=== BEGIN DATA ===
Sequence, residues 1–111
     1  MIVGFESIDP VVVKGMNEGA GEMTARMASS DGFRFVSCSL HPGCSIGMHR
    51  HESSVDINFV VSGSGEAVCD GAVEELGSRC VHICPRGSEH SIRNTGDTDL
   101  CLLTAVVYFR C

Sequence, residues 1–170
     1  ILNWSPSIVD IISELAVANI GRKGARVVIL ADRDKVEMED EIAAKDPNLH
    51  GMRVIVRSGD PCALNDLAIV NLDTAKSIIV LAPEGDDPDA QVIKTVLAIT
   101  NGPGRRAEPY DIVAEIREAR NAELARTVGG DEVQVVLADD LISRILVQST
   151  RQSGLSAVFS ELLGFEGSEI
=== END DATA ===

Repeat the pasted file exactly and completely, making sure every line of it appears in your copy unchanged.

Sequence, residues 1–111
     1  MIVGFESIDP VVVKGMNEGA GEMTARMASS DGFRFVSCSL HPGCSIGMHR
    51  HESSVDINFV VSGSGEAVCD GAVEELGSRC VHICPRGSEH SIRNTGDTDL
   101  CLLTAVVYFR C

Sequence, residues 1–170
     1  ILNWSPSIVD IISELAVANI GRKGARVVIL ADRDKVEMED EIAAKDPNLH
    51  GMRVIVRSGD PCALNDLAIV NLDTAKSIIV LAPEGDDPDA QVIKTVLAIT
   101  NGPGRRAEPY DIVAEIREAR NAELARTVGG DEVQVVLADD LISRILVQST
   151  RQSGLSAVFS ELLGFEGSEI